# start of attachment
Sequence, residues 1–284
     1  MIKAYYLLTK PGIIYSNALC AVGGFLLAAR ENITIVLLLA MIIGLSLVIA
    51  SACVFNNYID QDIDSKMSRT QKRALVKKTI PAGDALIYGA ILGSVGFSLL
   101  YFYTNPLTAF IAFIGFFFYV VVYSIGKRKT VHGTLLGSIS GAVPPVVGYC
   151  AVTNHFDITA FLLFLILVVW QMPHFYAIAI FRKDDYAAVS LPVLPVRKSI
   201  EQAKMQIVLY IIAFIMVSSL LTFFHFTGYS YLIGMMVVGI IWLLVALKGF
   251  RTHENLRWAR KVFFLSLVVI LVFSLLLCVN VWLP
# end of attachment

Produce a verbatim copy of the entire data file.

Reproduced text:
Sequence, residues 1–284
     1  MIKAYYLLTK PGIIYSNALC AVGGFLLAAR ENITIVLLLA MIIGLSLVIA
    51  SACVFNNYID QDIDSKMSRT QKRALVKKTI PAGDALIYGA ILGSVGFSLL
   101  YFYTNPLTAF IAFIGFFFYV VVYSIGKRKT VHGTLLGSIS GAVPPVVGYC
   151  AVTNHFDITA FLLFLILVVW QMPHFYAIAI FRKDDYAAVS LPVLPVRKSI
   201  EQAKMQIVLY IIAFIMVSSL LTFFHFTGYS YLIGMMVVGI IWLLVALKGF
   251  RTHENLRWAR KVFFLSLVVI LVFSLLLCVN VWLP